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7/106. Massive left diaphragmatic separation and rupture due to coughing during an asthma exacerbation.

    We report a case of herniation of abdominal contents into the left hemithorax in a patient hospitalized with an acute exacerbation of asthma accompanied by paroxysms of coughing. There was no history of trauma. We believe this is the first reported case of diaphragmatic rupture complicating an asthma exacerbation. We review clinical features, pathophysiology, diagnosis, and treatment of diaphragmatic rupture in its most common setting, trauma, and discuss its occasional "spontaneous" occurrence.
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8/106. status asthmaticus treated by high-frequency oscillatory ventilation.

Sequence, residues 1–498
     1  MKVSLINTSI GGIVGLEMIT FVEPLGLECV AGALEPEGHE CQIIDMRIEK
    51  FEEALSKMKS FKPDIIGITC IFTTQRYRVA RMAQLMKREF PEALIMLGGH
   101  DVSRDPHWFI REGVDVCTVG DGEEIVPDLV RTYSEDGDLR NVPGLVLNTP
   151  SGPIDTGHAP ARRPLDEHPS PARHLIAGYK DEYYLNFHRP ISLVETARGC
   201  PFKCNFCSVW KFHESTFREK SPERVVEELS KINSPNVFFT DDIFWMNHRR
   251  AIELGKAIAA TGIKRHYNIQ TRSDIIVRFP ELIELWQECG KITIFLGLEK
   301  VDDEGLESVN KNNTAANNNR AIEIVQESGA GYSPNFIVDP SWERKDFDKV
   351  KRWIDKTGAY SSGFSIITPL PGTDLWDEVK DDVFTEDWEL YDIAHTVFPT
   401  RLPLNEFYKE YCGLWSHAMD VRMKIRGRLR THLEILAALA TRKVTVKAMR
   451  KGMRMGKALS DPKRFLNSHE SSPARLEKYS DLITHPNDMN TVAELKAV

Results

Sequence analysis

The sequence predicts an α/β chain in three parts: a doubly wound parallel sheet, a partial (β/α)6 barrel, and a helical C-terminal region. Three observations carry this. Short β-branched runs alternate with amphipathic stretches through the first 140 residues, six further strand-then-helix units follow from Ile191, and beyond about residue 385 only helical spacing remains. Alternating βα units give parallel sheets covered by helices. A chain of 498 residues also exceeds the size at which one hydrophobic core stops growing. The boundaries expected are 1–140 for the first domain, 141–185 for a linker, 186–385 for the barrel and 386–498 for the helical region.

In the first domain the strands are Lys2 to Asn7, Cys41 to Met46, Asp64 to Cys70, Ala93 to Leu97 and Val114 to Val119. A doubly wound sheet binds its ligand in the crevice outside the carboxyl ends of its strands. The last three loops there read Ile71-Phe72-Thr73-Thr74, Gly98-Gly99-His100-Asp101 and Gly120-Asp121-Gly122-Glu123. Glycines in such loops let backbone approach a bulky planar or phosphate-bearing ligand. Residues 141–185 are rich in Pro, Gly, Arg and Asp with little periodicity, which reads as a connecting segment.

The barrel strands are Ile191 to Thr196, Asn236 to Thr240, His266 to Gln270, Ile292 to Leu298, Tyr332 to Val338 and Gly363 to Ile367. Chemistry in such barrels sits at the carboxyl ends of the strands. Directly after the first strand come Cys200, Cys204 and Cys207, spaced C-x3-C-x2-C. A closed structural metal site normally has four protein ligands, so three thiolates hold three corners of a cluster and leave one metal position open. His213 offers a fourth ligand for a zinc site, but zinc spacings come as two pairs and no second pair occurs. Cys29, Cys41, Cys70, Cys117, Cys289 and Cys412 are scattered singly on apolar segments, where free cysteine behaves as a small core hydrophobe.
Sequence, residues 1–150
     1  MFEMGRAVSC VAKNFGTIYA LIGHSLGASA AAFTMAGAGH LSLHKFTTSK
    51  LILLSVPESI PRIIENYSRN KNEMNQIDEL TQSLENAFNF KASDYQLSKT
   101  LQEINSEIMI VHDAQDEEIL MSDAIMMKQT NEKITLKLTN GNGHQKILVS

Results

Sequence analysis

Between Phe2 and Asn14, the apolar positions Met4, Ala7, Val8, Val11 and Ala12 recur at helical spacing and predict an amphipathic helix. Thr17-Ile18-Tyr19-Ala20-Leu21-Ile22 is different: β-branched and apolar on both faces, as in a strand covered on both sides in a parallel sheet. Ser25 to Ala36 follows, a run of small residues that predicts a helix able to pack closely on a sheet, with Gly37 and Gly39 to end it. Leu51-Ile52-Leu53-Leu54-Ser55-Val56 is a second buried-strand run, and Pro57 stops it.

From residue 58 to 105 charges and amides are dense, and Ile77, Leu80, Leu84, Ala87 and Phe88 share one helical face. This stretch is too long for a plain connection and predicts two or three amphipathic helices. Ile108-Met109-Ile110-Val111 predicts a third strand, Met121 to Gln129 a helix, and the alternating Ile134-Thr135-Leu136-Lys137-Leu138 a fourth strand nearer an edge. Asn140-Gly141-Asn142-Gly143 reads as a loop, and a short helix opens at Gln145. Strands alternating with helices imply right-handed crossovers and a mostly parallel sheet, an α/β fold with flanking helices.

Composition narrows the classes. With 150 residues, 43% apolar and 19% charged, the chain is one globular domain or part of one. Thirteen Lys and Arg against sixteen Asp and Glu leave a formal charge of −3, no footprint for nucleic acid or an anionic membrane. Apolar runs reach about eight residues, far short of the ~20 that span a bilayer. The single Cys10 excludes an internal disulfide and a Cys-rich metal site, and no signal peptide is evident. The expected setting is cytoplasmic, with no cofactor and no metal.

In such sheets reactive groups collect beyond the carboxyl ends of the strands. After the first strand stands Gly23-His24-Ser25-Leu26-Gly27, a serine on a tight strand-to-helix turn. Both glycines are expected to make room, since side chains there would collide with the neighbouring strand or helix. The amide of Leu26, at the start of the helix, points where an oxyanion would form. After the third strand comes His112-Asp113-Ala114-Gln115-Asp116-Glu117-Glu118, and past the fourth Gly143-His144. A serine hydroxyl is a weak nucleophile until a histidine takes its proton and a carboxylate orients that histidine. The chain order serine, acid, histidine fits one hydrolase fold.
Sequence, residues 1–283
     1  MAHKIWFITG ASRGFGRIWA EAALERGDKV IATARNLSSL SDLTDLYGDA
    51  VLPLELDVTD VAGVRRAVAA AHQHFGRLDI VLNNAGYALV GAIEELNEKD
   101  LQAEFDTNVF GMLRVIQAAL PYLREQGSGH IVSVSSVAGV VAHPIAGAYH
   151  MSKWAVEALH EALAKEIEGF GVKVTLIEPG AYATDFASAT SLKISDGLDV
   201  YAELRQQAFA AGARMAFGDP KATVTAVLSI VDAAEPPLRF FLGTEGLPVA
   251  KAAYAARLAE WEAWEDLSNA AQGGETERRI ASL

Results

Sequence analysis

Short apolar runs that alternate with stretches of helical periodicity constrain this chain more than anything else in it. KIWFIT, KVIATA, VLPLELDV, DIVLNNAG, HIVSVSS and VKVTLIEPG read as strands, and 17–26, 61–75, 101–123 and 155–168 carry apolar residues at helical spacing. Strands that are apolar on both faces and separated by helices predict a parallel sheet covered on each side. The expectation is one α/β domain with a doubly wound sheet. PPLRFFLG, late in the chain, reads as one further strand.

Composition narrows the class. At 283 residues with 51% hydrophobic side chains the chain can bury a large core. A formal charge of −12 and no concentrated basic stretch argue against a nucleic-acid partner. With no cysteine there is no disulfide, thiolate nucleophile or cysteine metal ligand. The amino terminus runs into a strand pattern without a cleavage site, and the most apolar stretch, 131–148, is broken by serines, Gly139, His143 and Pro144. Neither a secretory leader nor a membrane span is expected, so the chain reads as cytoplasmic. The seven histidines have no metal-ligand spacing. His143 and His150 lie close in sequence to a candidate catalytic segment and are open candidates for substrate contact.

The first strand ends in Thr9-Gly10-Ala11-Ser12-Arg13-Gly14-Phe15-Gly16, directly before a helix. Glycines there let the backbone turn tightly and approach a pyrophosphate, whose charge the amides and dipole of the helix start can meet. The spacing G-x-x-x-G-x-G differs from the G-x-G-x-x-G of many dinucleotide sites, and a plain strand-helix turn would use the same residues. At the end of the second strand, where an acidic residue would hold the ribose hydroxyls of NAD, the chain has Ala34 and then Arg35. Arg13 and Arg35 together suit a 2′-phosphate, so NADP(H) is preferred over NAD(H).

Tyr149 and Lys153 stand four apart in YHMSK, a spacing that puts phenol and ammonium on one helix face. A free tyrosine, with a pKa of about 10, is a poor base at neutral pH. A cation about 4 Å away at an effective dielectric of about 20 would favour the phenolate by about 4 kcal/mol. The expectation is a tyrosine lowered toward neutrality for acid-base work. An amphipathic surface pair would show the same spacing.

We present a 2.5-year-old girl in severe asthma crisis who clinically deteriorated on conventional mechanical ventilation, but was successfully ventilated with high-frequency oscillatory ventilation (HFOV). Although HFOV is accepted as a technique for managing pediatric respiratory failure, its use in obstructive airway disease is generally thought to be contraindicated because of the risk of dynamic air-trapping. However, we suggest that obstructive airway disease can safely be managed with HFOV, provided certain conditions are met. These include the application of sufficiently high mean airway pressures to open and stent the airways ("an open airway strategy"), lower frequencies to overcome the greater attenuation of the oscillatory waves in the narrowed airways, permissive hypercapnia to enable reducing pressure swings as much as possible, longer expiratory times, and muscle paralysis to avoid spontaneous breathing.